FATS: They cause heart problems, but not stroke. Right?
Just as we are advised to watch our blood pressure as we get older, the pressure within our eyes is equally at risk with advancing years. Changes in the ageing eye can lead to less-effective drainage of the clear fluid (aqueous humor) in the eye...
Most still believe that a high cholesterol diet is the cause of heart disease. But new research is showing that this view is an oversimplification of a complex process that has more to do with mo ...
While we tend to accept heart disease as an inevitable result of ageing, the overwhelming evidence is that heart disease is preventable through simple changes in lifestyle.
Sometimes advice about prevention is simply wrong. Many of the things we believe are preventative may actually do more harm than good.
Vitamin C maintains healthy blood vessels and prevents fat accumulation (Am J Clin Nutr, 1974; 27: 866-76).
Vitamin E protects blood vessels and prevents blood clots (Int J Vit Nutr Res, 1976; 46: 18-91).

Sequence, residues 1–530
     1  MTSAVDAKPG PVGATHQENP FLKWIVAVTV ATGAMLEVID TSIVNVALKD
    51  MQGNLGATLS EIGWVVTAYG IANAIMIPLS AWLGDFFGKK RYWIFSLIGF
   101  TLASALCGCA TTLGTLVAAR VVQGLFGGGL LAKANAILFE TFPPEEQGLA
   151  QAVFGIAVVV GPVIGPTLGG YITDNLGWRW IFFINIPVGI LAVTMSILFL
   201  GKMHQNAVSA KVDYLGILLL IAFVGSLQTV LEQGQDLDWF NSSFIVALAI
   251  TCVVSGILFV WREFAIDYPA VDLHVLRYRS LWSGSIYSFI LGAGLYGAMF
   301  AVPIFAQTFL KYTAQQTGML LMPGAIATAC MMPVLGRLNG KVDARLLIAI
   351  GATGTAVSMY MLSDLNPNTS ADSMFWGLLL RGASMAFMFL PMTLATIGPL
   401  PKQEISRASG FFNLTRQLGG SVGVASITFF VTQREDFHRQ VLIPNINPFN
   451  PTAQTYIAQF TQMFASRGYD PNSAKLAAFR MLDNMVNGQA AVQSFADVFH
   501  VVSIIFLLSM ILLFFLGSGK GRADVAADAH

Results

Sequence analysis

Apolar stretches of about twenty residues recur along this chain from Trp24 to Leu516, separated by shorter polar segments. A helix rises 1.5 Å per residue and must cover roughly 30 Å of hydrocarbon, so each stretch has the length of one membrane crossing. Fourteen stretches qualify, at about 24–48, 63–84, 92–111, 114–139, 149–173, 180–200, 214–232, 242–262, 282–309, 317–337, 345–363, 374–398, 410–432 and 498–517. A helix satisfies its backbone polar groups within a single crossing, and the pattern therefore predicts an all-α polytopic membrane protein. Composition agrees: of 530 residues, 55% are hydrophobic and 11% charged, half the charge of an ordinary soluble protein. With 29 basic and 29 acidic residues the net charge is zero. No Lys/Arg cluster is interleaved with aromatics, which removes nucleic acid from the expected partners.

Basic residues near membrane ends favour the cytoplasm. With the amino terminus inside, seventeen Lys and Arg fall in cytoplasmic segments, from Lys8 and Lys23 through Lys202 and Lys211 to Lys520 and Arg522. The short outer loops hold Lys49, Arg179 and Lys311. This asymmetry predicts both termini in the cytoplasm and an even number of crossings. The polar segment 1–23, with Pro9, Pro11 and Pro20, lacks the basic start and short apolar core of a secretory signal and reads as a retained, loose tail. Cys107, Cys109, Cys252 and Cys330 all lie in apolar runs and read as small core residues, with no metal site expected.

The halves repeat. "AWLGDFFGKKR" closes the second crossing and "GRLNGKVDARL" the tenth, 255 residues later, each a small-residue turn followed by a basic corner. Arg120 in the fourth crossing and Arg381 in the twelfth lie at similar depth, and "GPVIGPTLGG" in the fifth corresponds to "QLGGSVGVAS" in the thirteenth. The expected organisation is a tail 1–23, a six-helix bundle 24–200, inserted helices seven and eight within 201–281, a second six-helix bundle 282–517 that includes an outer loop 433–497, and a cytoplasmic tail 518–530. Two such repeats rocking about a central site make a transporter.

High cholesterol, or hypercholesterinaemia, is conventionally treated with a low-fat diet, and a statin or anion-exchange resin drug. The drugs, however, come with a range of side-effects.
About six months ago, the pressures in my eyes were 22 mmHg (left) and 21 mmHg (right). The optician told me I should have my pressure tested every six months, as I was in danger of developing glaucoma.
It's great to hear that some commercial health products actually do live up to their hype.
For more than 50 years, medicine has claimed that a diet high in cholesterol and fat is responsible for coronary artery disease. However, growing evidence shows that heart disease may simply be a marked case of scurvy. Repairing blood vessels could...